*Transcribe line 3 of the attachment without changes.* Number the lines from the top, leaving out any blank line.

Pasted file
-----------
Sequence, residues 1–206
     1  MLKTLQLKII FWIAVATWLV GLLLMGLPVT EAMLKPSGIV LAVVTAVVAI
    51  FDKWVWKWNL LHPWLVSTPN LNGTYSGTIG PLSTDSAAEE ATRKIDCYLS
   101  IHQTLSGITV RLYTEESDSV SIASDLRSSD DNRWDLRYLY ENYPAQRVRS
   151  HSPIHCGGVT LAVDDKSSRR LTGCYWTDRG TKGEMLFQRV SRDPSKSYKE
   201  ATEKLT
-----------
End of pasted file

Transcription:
    51  FDKWVWKWNL LHPWLVSTPN LNGTYSGTIG PLSTDSAAEE ATRKIDCYLS